All the News Not Printed

In the Aug. 13 issue of The New York Times, Public Editor Byron Calame revealed that the paper had in fact delayed publication of James Risen’s article on the Bush administration’s program of warrantless wiretapping so that it would not run before the 2004 elections. The Times had previously indicated that the article could not have run before the elections. However, Calame reports that Times executive editor Bill Keller now claims that “a major reason for the publication delays was the administration’s claim that everyone involved was satisfied with the program’s legality.”

Future Use

The future of Insite, North America’s only legal, supervised drug-injection facility, remains uncertain as the Sept. 12 deadline for Canadian federal government approval to continue the facility approaches. Insite, located in downtown Vancouver, British Columbia, allows addicts to inject their own drugs in the presence of health professionals. During the past two years, more than 7,000 people have registered at the facility, with average daily visits of around 600 individuals. Insite first opened in 2003 as a scientific-research pilot project.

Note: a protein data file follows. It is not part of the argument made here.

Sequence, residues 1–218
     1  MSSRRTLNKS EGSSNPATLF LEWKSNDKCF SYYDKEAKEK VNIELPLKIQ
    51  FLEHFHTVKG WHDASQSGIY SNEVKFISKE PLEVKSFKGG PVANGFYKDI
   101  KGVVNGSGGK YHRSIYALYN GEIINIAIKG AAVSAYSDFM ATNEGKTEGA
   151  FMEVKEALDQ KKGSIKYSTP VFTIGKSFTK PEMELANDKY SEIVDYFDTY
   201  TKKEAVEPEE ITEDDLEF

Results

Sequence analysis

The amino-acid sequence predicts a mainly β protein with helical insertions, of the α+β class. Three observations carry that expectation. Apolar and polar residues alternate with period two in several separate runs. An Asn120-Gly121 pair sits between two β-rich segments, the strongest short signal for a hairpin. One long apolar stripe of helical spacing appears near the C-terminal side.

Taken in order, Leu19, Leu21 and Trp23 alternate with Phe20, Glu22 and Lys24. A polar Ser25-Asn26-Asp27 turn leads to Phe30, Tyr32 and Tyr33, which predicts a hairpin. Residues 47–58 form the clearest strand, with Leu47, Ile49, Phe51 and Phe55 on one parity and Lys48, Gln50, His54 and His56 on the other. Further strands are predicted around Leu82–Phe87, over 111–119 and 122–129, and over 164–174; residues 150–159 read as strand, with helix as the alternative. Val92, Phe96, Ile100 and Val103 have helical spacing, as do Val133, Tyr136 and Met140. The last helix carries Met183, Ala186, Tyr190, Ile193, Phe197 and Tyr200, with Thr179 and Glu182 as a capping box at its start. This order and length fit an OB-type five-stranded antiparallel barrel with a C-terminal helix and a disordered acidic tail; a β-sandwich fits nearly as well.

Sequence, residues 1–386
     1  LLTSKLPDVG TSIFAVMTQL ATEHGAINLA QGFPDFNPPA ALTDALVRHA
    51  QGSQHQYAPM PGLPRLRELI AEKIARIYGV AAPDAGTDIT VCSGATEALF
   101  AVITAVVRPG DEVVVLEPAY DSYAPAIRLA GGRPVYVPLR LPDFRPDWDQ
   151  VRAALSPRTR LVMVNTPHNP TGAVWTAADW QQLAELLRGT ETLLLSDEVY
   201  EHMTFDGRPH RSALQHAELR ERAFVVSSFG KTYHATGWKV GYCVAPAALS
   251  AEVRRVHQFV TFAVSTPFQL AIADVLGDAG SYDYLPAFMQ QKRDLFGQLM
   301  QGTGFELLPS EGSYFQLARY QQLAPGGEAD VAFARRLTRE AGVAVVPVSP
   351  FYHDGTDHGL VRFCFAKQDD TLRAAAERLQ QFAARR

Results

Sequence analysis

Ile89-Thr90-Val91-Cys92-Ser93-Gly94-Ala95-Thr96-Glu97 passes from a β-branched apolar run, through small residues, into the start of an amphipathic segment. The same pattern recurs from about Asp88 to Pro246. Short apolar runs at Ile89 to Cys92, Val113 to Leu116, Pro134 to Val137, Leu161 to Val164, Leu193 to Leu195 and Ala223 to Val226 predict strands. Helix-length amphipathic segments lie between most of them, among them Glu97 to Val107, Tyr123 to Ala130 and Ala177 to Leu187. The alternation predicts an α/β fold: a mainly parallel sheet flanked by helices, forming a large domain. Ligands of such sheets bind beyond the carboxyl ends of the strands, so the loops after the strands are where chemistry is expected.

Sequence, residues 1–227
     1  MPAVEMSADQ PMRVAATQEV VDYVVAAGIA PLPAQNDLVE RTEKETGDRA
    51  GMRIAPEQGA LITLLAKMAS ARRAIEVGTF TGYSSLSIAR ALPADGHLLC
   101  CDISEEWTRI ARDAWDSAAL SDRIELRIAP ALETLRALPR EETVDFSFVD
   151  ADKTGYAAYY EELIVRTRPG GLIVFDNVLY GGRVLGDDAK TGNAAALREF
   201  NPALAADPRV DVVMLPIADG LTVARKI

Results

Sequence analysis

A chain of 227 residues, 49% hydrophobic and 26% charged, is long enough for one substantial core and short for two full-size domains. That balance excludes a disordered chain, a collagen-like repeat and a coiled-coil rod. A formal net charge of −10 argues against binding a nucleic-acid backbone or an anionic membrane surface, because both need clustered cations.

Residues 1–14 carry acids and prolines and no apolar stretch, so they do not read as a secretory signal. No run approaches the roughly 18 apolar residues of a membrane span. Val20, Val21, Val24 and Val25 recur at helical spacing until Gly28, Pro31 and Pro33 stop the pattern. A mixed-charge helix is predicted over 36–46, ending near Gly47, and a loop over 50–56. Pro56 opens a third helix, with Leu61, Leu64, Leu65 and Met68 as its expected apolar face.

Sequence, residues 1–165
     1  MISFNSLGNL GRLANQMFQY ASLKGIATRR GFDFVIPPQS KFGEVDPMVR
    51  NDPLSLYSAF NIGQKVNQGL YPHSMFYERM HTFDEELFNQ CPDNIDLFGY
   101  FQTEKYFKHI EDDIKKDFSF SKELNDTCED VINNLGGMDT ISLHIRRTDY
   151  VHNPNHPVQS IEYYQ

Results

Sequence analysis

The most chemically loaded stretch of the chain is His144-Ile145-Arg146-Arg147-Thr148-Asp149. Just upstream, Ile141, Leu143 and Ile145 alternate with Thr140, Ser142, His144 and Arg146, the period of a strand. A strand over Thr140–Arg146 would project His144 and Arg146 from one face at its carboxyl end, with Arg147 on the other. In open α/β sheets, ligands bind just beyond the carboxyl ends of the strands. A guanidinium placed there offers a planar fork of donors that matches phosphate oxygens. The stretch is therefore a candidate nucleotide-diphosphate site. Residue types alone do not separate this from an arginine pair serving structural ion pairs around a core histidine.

Baristas Unite!

In our service-based economy, it is no surprise that Starbucks finds itself at the center of the continuing struggle for workers’ rights. Daniel Gross, organizer for the Industrial Workers of the World, was fired in what many allege was retaliation for his union activities. This is apparently the fourth time within the past year that Starbucks has fired an IWW barista involved in labor activity.



Phone Home, Expensively

Prison-family advocates are still fighting to end the exorbitant rates charged on calls from inmates

The rate charged by Verizon for calls made by inmates in New York state prisons is an illegal tax, according to Rachel Meeropol, an attorney with Center for Constitutional Rights. These calls are billed a premium 630-percent higher than the rate charged the general public.

“Every time an individual has been billed these rates,” she said, “they have been forced to pay an unlawful tax.” And it has been going on for 10 years.

Last month, CCR learned that Walton v. New York, a case they brought in 2004 to challenge the contract Verizon/MCI has with the state, will be heard in front of the Court of Appeals, the state’ highest court.

More than 500,000 phone calls are made monthly from New York state prisons, according to the New York Campaign for Telephone Justice. Each call, which can only be made collect through the Verizon system, is charged a premium of $3 per connection and $.16 a minute. From the money raised, the state receives a commission of 57.5 percent.